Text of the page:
English version


From Longman Dictionary of Contemporary English
Related topics: Law, Gambling
stakeholderstake‧hold‧er /ˈsteɪkˌhəʊldə $ -ˌhoʊldər/ noun [countable]  1 someone who has invested money into something, or who has some important connection with it, and therefore is affected by its success or failurestakeholder in Citizens should be stakeholders in the society they live in.2 lawSCL someone, usually a lawyer, who takes charge of a property during a quarrel or a sale3 DGGRISKsomeone chosen to hold the money that is risked by people on a race, competition etc and to give all of it to the winner
Examples from the Corpus
stakeholderStakeholders resent production being cut after they have invested.We can begin to restore the public purpose of corporations by asserting their responsibility and accountability to all stakeholders.All stakeholders must have a voice if it is to be a true partnership.A government has more stakeholders than a business, and most of them vote.What customers and other stakeholders value may conflict with shareholders' expectations.Indeed, some stakeholders may take action to prevent a rational analysis of their stance or at least any debate over it.To change anything important, many of those stakeholders must agree.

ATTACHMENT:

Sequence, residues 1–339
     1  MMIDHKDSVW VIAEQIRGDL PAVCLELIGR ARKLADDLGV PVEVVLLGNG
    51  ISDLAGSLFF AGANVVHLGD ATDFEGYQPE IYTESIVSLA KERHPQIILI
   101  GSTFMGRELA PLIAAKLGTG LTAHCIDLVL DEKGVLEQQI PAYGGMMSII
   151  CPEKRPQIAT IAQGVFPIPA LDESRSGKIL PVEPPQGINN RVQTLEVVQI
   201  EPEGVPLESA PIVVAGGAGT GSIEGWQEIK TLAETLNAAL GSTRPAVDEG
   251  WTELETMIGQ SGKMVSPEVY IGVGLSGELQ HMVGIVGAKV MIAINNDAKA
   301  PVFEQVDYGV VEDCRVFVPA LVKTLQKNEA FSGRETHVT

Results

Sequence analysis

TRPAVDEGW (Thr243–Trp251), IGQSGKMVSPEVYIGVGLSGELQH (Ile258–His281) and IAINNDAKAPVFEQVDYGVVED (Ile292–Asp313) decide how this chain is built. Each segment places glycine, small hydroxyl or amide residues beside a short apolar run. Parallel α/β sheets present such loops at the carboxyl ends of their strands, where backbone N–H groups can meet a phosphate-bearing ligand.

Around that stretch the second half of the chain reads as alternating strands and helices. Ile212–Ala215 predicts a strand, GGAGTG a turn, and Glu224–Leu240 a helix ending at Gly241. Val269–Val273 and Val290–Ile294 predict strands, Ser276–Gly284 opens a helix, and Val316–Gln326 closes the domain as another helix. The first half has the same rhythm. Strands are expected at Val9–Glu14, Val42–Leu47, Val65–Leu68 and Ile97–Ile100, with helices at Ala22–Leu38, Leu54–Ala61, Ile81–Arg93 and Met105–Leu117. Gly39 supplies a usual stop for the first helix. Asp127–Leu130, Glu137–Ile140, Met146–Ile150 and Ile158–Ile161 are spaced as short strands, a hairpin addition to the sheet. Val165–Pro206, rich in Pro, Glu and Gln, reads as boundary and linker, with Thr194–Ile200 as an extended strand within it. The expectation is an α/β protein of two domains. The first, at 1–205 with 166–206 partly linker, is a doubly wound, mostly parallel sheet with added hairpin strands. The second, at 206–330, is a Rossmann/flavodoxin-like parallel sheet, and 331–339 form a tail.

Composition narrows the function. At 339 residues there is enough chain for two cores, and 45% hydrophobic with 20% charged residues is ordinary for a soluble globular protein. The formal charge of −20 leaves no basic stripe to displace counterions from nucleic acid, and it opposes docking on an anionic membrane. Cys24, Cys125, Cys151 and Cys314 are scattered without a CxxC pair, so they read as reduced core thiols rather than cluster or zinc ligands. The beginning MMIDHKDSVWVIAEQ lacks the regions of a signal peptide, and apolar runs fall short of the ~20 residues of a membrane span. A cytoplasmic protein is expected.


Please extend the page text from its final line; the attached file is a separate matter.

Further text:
From Longman Business Dictionarystakeholderstake‧hold‧er /ˈsteɪkˌhəʊldə-ˌhoʊldər/ noun [countable]1a person who is considered to be an important part of an organization or of society because they have responsibility within it and receive advantages from itChief executives of international companies want to spend more personal time on stakeholder issues. By ‘stakeholder’, we mean staff and the local community.2American EnglishFINANCE someone who owns shares in a company SYN shareholder BrEThe organization’s big stockmarket investments make it an important stakeholder in Lebanon’s economy.
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